Pioneer Lifeways - Preserving Foods for Winter
Painting - "Reflections - Dan Lawson Place" - Terri Waters
The scene was ordinary in a mountain home years ago: beans and peppers drying in long strings against the cabin wall, a crock of bleached apples, tightly covered in a cool corner, and the springhouse, with crocks of pickled vegetables against its dampened earth. There were other fruits and vegetables beneath the cabin, stored in dark earthen cellars for the duration of winter. The foods were used as needed throughout the cold months, and by springtime were usually depleted.
The stoneware crock was a valuable preservation tool in pre-canning days. In it were prepared sulfured apples, pickled beans and corn, kraut, and sweet apple butter. The crock was used for storage as well, preferably in a cool springhouse or cellar. The heavy brown crocks came in a wide range of sizes, from a half gallon to ten and twenty gallon capacities.
Apples, a plentiful fruit of the Smokies, were commonly preserved in crocks by sulphuring. The method was simple; using a ten gallon crock (or barrel), two gallons of apples were peeled and quartered, then layered inside. A cup, filled with sulphur, was next placed in the crock and lit with a match. After covering with a thick white cloth for three hours (until the sulphur had burned out), the fruit preservation was completed. The process was repeated until the crock stood full of the whitened apple slices (bleached apples). These were then eaten raw or cooked, as desired. The best apples for sullphuring were said to have been sour varieties, especially winesaps, and the finished product was usually stored in the crock.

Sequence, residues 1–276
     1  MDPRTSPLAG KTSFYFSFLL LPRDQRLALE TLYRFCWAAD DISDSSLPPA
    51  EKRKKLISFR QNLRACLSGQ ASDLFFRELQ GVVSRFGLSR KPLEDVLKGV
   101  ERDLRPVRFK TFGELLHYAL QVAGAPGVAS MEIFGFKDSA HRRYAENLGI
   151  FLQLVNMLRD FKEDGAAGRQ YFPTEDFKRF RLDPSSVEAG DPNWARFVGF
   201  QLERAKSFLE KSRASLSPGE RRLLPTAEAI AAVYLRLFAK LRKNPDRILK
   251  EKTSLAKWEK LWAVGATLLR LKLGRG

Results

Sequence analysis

Vegetables, such as beans and corn, were frequently pickled in crocks for winter use. Three gallons of cooked green beans and two gallons of corn (boiled and cut off the cob) were carefully measured into the crock. Adding two cups of salt, the vegetables were stirred together and the crock covered by a white cloth. Seven days were required for the pickling; the mixture could be canned, or stored in the crock in a cool cellar.
Another popular preserving method is drying. Dried beans are called "leather-britches" beans, and any type of string beans may be used. Using a needle and thread, string the beans in a long row and hang in a cool shady area. After two weeks, drying should be completed.
Drying is a simple process that can be done almost anywhere because it involves no artificial preservatives, sugars, or salt. Drying has been a continuing part of our mountain heritage, a way for our ancestors to preserve their crops and a time-honored tradition. It gives us a tangible link to a past, an annual ritual performed through changing years by many different hands.